On behalf of pregnant and new mom’s bodies (and butts) everywhere, I say no thank you, Similac.

Advertisements

3 Comments

Filed under breastfeeding, From One Mother to Another, General Health, Mommy and Motherhood, prenatal health

A Cordial Invitation: Join Me Over at Science & Sensibility

In case you’ve wondered where I have wandered off to recently, let me cordially invite you to Lamaze International’s Science & Sensibility  research blog site–which I am now managing.  I am thrilled, humbled and excited to be steering my writing and childbirth education work toward an actively (and internationally) accessed social media site where I gain the honored opportunity to interact with brilliant writers, researchers, maternity care clinicians and professionals and normal birth advocates.  Please drop on by, sign up for an RSS feed from Science & Sensibility and, most importantly, join the conversation!  (And invite your friends and colleagues to do the same!)

1 Comment

Filed under Childbirth Issues, natural childbirth, pregnancy, prenatal health, Writing and Publishing

Marching Forth: Africa’s Committment to Improve Safety of Moms and Babes

It’s always wonderful to come across stories like this, that highlight successes in the pursuit of improved maternal and infant outcomes revolving around pregnancy, birth and the postpartum period.  Congratulations to Rwanda for making drastic changes and improvements, with the plan to meet the Millennium Development Goals of 2015 in regards to maternal and infant mortality.  For a highlight on improvements made toward maternal and fetal/infant/child health throughout many African countries, read this July 2010 article.

Leave a comment

Filed under breastfeeding, Childbirth Issues, family, From One Mother to Another, General Health, pregnancy, prenatal health

Keeping Childbirth Safe–No Matter Where it Takes Place

The world finally gets it (OK, some parts of the world). Childbirth does not have to be as dangerous as it is for many women and fetuses in developing countries.  For that matter, it does not have to be dangerous for the vast majority of women in developed countries, either, but that is a whole other ball of wax (in short, think: high rates of medical intervention in low-risk women have the propensity to create more problems that require fixing, than they necessarily do solve or prevent potential problems).

Here is yet another example of a relatively simple technology with a focus on reducing perinatal maternal mortality, as presented at the American College of Nurse Midwives‘ annual convention.  The device?  A strap-on belly with uterus, baby and blood contained within.  The goal?  To get as many birth attendants around the world–especially in areas like Afghanistan, the Central African Republic and rural India– trained with basic life-saving knowledge of how to catch a baby (or help to deliver a malpositioned fetus) and intervene when postpartum hemorrhage is occurring.  Truthfully, most of the life-threatening scenarios surrounding childbirth can be handled successfully, as long as the knowledge of how to handle those scenarios is there, and well practiced.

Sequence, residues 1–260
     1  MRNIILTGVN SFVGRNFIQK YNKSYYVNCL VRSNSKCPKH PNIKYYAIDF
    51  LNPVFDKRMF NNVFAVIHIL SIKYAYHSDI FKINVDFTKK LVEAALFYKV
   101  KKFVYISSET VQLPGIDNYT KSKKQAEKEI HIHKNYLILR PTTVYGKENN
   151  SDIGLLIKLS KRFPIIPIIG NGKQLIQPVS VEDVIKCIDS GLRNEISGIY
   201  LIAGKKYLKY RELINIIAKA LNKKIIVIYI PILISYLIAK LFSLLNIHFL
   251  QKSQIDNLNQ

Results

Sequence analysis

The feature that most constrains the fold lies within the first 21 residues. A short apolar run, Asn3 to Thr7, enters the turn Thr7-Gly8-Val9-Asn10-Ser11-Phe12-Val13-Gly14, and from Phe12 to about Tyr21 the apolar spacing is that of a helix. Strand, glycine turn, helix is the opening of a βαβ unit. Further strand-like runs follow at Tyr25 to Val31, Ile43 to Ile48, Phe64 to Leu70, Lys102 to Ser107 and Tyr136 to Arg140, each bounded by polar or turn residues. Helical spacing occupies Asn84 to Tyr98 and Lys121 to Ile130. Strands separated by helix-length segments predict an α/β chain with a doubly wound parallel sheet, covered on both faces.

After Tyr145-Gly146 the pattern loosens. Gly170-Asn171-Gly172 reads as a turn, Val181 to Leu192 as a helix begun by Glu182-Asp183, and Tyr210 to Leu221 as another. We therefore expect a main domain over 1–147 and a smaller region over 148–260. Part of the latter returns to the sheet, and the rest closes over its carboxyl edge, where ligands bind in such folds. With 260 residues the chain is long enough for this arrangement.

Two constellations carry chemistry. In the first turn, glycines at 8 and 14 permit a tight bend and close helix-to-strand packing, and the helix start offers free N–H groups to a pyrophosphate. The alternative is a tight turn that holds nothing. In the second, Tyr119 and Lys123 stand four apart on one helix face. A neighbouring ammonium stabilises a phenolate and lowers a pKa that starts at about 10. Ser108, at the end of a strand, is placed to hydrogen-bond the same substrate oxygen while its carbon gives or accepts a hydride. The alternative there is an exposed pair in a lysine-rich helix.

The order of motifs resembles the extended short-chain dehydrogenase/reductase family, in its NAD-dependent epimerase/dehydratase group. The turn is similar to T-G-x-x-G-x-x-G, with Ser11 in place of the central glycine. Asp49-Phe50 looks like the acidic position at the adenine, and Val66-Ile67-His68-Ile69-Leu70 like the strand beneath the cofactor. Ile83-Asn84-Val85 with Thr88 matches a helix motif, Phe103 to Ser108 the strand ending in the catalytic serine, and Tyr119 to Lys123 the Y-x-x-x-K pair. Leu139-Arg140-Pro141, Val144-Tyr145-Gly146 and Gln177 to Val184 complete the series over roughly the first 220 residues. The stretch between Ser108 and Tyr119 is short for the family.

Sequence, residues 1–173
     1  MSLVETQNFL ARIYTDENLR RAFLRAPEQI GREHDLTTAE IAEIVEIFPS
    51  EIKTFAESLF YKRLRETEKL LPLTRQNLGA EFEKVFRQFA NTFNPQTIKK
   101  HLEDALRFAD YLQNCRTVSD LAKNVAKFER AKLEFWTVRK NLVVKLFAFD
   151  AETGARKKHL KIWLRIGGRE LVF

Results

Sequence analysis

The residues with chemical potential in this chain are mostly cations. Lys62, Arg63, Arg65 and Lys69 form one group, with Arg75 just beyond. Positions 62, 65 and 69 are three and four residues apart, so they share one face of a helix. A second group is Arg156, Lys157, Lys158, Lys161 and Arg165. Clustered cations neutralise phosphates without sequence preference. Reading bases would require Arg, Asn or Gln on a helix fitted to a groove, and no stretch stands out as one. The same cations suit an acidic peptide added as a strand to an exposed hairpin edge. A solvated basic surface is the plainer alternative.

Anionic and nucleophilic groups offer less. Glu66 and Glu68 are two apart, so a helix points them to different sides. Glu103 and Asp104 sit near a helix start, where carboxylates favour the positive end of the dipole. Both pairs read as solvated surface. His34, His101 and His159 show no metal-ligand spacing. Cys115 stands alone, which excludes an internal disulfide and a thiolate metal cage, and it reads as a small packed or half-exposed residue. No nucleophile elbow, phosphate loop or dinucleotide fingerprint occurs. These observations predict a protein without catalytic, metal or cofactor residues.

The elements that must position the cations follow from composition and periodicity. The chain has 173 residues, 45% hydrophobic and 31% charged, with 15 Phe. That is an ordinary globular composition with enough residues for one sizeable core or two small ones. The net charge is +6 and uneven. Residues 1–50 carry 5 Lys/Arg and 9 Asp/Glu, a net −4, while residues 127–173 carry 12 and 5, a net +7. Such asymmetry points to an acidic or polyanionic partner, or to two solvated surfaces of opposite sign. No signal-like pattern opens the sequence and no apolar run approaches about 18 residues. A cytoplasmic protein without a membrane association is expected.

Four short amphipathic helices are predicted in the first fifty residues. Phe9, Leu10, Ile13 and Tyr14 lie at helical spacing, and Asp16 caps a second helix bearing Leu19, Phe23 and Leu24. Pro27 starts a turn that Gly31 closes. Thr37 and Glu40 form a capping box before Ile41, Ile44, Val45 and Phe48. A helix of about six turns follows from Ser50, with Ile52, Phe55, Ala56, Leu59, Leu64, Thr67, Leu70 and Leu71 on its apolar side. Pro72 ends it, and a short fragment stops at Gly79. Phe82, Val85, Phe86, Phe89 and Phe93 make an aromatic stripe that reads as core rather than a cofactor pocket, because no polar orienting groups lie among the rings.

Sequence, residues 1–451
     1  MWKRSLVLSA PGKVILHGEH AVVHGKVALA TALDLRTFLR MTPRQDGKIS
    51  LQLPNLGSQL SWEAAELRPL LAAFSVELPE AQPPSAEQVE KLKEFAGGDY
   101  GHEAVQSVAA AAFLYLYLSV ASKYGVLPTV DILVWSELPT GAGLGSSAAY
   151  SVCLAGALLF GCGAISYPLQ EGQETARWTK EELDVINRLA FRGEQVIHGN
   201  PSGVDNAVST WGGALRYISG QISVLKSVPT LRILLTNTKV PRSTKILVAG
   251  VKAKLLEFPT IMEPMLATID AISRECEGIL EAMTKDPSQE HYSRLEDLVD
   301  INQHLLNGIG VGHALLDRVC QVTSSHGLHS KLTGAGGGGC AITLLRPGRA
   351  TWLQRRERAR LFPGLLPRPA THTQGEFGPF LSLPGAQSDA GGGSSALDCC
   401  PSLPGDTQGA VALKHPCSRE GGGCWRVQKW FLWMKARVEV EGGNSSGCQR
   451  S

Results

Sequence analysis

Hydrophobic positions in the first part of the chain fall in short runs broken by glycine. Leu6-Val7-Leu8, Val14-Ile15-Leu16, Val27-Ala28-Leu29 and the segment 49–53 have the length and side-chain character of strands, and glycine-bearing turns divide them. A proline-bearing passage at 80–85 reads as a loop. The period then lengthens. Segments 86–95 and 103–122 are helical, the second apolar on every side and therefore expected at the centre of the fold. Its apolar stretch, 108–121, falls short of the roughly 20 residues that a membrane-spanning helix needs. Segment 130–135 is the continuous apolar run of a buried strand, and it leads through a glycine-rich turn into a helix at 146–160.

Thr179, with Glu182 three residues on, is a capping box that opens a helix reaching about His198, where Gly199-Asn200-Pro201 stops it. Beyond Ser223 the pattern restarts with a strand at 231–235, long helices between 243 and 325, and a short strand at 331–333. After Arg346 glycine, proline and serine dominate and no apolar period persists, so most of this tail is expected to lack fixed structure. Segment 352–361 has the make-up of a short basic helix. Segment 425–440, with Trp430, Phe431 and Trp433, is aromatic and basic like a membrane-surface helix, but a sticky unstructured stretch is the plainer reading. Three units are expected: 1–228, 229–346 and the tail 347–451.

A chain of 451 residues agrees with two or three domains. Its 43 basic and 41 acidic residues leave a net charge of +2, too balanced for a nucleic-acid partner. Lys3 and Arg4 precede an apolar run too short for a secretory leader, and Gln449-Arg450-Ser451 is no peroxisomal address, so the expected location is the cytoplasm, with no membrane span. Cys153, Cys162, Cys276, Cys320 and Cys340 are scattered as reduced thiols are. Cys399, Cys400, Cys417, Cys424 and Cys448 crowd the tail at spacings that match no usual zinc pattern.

As described in this article, “Using both hands, the teacher wearing the device can move the baby through the birth canal, which is formed from a flexible plastic frame. Simulated blood flows out of the vagina, controlled by a thumb-operated roller valve. To simulate the contraction of the uterus after delivery, the teacher squeezes air from a large bladder into a smaller one while pulling the latter lower in the pelvis. She can tap on a piece of hard plastic inside the mannequin to create a heartbeat, varying the rate and loudness to simulate fetal distress. In all cases, the sense of reality is heightened because the equipment is connected to and manipulated by a human being.”

The “Mama Natalie” simulator can even replicate a retained placenta fragment–the primary cause of third stage and postpartum hemorrhage.  When would-be birth attendants know how to recognize this condition, they can also learn how to remedy it (by manually removing the left-over piece of placenta that is stuck to the internal uterine wall, thus allowing continued bleeding).  In extremely rural areas or home birth scenarios where high-tech intervention is miles away, the performance of this relatively simple procedure, and appropriate follow-up techniques and care, can be a matter of life and death.

Kudos to Laerdal Medical for creating this device, making it available to poor countries at cost ($100/each), and adding to the overall trudge toward the Millennium Development Goal 5 which “seeks to cut the 1990 maternal mortality ratio of 320 deaths per 100,000 births by 75 percent.”

6 Comments

Filed under Childbirth Issues, cultures, From One Mother to Another, General Health, Mommy and Motherhood, natural childbirth, pregnancy, prenatal health